# New formula for complex harmonic progression

If $$a$$ is integer and $$\textbf{i} b$$ is not integer then:

$$\sum_{k=1}^{n}\frac{1}{a i k+b}=-\frac{1}{2b}+\frac{1}{2(a i n+b)}+\frac{2\pi}{e^{2\pi b}-1}\int_{0}^{1}e^{\pi(a i n+2b)u}\sin{(\pi a n u)}\cot{(\pi a u)}\,du$$

(If $$a$$ is not integer we can make it integer by putting it in evidence.)

As some examples of applications, we can use the above to produce the curious formula below:

$$\begin{multline} \sum_{k=1}^{n}\frac{1}{k^2+2k+2}=-\frac{1}{4}+\frac{1}{2(n^2+2n+2)}+\\\frac{2\pi}{e^{4\pi}-1}\int_{0}^{1}\left[e^{4\pi(1-u)}+e^{4\pi u}\right]\cos{2\pi(n+2)u}\sin{2\pi n(1-u)}\cot{2\pi(1-u)}\,du \end{multline}$$

Or the below:

$$\sum_{k=1}^{n}\frac{1}{k^2+1}=-\frac{1}{2}+\frac{1}{2(n^2+1)}+\frac{4\pi}{e^{4\pi}-1}\int_{0}^{1} e^{4\pi u}\cos{[2\pi n(1-u)]}\sin{(2\pi n u)}\cot{(2\pi u)}\,du$$

I have two questions:

a) How do you get the same complex harmonic progression using $$\psi$$?

b) If we know all the roots of $$x^{2k}+1=0$$, and a linear combination such that $$\sum_{j}c_j/(x-x_j)=1/(x^{2k}+1)$$, we can produce a formula for $$\sum_{j}1/(j^{2k}+1)$$. Is such a linear combination known?

Let us give the name $$f(x):=x^{2k}+1$$

There exists an identity having the form

$$\sum_{j}\dfrac{c_j}{(x-x_j)}=\dfrac{1}{(x^{2k}+1)}=\dfrac{1}{f(x)}$$

and its coefficients are unique. They are :

$$c_j=\dfrac{1}{2k(x_j)^{2k-1}}=\dfrac{1}{f^{\prime}(x_j)}$$

(by computation of the residue at a simple pole, as usually done in complex function theory).

An example : using formula above for $$k=2$$, with $$w:=e^{i \pi/4}$$, one gets

$$\dfrac{1}{(x^{4}+1)}=\dfrac14\left(\dfrac{w^{-3}}{(x-w)}+\dfrac{w^{-1}}{(x-w^3)}+\dfrac{w}{(x-w^5)}+\dfrac{w^{3}}{(x-w^7)}\right)$$

I have no idea if the formulas you deduce are classical or not.

Edit : an idea concerning the first formula (may be a deadend)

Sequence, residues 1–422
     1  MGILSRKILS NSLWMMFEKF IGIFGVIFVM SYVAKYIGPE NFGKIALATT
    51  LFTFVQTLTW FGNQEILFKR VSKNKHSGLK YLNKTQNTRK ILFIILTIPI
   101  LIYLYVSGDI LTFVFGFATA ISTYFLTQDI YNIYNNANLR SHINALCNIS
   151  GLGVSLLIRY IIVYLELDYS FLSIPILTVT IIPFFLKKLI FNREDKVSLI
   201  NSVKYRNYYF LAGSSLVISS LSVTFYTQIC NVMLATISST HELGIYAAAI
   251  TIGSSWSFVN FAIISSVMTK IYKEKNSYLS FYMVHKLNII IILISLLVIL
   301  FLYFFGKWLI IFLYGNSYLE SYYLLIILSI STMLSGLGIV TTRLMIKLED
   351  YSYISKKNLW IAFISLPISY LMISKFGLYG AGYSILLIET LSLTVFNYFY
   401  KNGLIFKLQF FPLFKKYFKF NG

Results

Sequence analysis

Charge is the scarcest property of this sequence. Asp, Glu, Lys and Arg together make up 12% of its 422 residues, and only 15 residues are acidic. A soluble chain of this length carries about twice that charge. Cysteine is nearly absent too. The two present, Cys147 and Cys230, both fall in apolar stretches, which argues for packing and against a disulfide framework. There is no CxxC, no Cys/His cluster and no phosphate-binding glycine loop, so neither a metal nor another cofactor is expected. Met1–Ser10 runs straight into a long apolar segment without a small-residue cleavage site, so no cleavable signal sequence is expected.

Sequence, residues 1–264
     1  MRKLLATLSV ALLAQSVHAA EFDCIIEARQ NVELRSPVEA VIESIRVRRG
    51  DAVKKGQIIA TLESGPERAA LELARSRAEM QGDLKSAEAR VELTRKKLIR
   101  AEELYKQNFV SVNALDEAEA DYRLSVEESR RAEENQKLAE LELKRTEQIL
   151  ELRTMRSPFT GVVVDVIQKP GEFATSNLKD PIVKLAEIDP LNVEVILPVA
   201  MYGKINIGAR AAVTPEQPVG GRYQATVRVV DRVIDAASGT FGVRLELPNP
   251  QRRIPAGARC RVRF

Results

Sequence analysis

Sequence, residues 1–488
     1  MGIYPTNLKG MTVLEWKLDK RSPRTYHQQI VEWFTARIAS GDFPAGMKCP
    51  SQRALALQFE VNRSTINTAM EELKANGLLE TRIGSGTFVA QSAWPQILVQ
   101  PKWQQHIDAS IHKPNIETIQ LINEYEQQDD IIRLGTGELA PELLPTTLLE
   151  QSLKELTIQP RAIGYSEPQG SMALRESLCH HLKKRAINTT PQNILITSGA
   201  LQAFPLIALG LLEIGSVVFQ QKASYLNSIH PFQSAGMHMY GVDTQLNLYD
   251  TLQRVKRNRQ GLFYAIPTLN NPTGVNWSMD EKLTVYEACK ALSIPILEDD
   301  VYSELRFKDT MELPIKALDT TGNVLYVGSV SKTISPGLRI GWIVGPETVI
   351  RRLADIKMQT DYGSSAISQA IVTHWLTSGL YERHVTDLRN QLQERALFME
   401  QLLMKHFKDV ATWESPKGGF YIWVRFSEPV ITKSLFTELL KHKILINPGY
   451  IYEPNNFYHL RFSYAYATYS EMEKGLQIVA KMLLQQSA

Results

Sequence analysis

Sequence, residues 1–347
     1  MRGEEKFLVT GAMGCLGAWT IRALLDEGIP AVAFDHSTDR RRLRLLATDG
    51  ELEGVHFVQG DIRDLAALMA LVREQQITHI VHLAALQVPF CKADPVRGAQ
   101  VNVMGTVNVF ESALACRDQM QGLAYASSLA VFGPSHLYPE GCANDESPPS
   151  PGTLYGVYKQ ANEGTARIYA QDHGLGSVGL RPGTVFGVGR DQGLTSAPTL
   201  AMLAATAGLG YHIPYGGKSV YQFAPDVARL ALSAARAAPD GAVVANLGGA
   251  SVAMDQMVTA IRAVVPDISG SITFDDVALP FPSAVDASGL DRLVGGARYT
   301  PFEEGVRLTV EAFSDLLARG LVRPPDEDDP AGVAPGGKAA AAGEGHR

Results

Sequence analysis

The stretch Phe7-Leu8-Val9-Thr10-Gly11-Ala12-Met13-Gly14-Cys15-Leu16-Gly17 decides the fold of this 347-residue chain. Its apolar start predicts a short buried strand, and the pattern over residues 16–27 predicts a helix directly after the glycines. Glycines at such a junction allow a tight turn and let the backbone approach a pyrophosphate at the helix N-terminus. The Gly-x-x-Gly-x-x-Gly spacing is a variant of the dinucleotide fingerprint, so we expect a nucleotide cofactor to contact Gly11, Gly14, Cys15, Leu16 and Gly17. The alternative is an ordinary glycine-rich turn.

As the initial part of your formula is of the form :

$$\sum _{i=m}^{n}f(i)={\frac {f(n)+f(m)}{2}}+\int _{m}^{n} something$$

I have seen a connection with the powerful Euler-MacLaurin formula. I copy-paste it from the corresponding Wikipedia article : https://en.wikipedia.org/wiki/Euler%E2%80%93Maclaurin_formula

$$\displaystyle \sum _{i=m}^{n}f(i)=\int _{m}^{n}f(x)\,dx+{\frac {f(n)+f(m)}{2}}+\sum _{k=1}^{\lfloor p/2\rfloor }{\frac {B_{2k}}{(2k)!}}\underbrace{(f^{(2k-1)}(n)-f^{(2k-1)}(m))}_{A}+R_{p}$$

where the $$B_{2k}$$ are Bernoulli numbers.

Of course, there would be some transformation work, but I think it is valuable to try it. Ideally if all the derivatives'values in part denoted $$A$$ are zero, it is perfect because we don't have to cope with Bernoulli numbers...

• That's great, I didn't know that. When you say classical formula, which one do you mean? – JR Sousa Feb 2 at 19:24
• I mean the one you deduce from the decomposition. Besides, I have provided an example for the formula with residues. – Jean Marie Feb 2 at 19:42
• I have different remarks. As it is more confortable to writ them in an answer, I do it in an Edit. – Jean Marie Feb 2 at 19:51